Selecting the perfect read aloud for 10-12 year-olds can be difficult as they have become stronger, more mature readers, but are not yet ready for young adult reading. Here are 10 of our favorites! (and check out our part two list here)!
The famous poet Walt Whitman has been brought into the public eye even more with the recent shout-outs from TV series Breaking Bad. Learn a little more about this guy beyond “Leaves of Grass” with our short video on his life & legacy below:
People have been getting together to discuss texts in newspapers, books, and letters since the invention of the printing press. Dennis Adams over at the Beaufort County Library website wrote a brief article on the history of book clubs, mentioning “literary salons of Paris,” which were social gatherings of the higher class (writers, politicians, artists) that were done regularly in a private place of residence. In some of these gatherings, the hostesses were authors themselves. Coffee house settings were also popular, although slightly less formal, and more common among the men. Keep reading to see how Book Clubs have shaped our literary society:
Academic reading is hard.
We all know it, and we all have struggled at some point with the intense rhetoric. Some of us push through until we understand. Most of us throw our books down, give up, and resign ourselves to the idea that we’ll never graduate.
Luckily for those of us that have a hard time, the fine folk over at Texas State University posted some helpful hints on how to get through the reading and come away with better comprehension. See it below, modified by the Honors Grad team:
Now that we know why we should read, we have our next question: What should we read? Below is a list of 6 books to help cement life skills and take a 20-something-year-old on a few adventures to boot:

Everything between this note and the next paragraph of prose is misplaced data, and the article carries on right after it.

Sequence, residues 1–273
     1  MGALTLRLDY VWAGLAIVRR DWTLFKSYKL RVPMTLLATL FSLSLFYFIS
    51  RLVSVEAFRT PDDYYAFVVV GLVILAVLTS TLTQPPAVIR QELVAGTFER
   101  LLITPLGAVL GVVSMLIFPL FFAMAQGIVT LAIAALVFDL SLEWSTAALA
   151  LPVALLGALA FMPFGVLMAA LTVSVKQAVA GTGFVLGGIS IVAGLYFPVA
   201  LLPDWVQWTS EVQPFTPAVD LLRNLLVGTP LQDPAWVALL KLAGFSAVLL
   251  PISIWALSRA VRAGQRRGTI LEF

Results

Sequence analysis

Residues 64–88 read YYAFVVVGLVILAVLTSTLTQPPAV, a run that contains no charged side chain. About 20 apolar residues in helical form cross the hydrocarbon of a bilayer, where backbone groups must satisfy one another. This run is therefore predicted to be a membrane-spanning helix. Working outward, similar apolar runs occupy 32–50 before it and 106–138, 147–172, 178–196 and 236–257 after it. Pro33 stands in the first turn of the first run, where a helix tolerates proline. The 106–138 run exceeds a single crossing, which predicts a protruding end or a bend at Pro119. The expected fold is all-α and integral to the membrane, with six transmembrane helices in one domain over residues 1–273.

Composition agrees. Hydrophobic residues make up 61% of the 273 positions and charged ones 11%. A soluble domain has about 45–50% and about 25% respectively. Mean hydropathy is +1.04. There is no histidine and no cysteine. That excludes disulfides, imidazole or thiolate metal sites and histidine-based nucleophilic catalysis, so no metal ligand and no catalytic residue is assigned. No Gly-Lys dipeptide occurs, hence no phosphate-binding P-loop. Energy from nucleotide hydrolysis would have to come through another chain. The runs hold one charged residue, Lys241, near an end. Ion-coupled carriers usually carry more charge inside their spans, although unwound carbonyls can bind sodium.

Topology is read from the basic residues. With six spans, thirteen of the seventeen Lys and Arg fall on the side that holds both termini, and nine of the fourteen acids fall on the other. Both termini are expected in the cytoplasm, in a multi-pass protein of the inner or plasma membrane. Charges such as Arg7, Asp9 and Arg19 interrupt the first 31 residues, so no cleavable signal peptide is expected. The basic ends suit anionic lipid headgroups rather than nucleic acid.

Franny and Zooey by J.D. Salinger
The book is two short stories. The “Franny” side shows how Franny Glass changes throughout her college education. It’s easy to connect to her character, as we’ve all probably experienced similar feelings.
The “Zooey” side tells the answers to Franny’s questions and is the “disaffected” young man that most 20-somethings experience at some point during our education.
The Language of Flowers by Vanessa Diffenbaugh
Anyone can grow into something beautiful. This book follows an orphan child who has nothing, but her penchant for flowers. As she struggles to overcome her past, she is able to help others with the gifts she has.
Outliers by Malcom Gladwell
Change the way you think about success and chasing your dreams. A non-fiction approach that leaves you inspired to go and grab your future.
Dandelion Wine by Ray Bradbury
Don’t forget to savor your youth while your fighting to be an independent adult. The book is nostalgic and reminiscent of childhood, even if you didn’t share the same experiences. Told as a children’s story for adults.
The Unlikely Pilgrimage of Harold Fry by Rachel Joyce
It focuses on the value of friendship, humility, self-forgiveness and human kindness over the span of lifelong commitments.
All My Friends Are Superheroes by Andrew Kaufman
A brief book on a non-traditional love story that will maybe not teach any profound lessons, but is a joy to read!
If you read or have read any of these books, feel free to share your comments down below!
Featured Image: Ginny
From the beginning of education, children are assigned reading materials to complete over the summer in preparation for the next term’s classes. Most children find that doing summer reading in elementary school isn’t difficult, but as they get older, a social stigma develops and it becomes less convenient to read over the summer. In college, it is almost unheard of for students to purchase text books early and begin reading the material for the classes. Teachers at upper levels don’t require summer reading, because with age come more responsibilities that leave little time for reading.
Most sources agree that the biggest benefit that comes from reading is a higher intelligence and greater general knowledge than those who don’t read regularly. Fellow blogger Glen Stansberry at LifeDev.net had this to say about the wealth of knowledge open to anyone with a library card: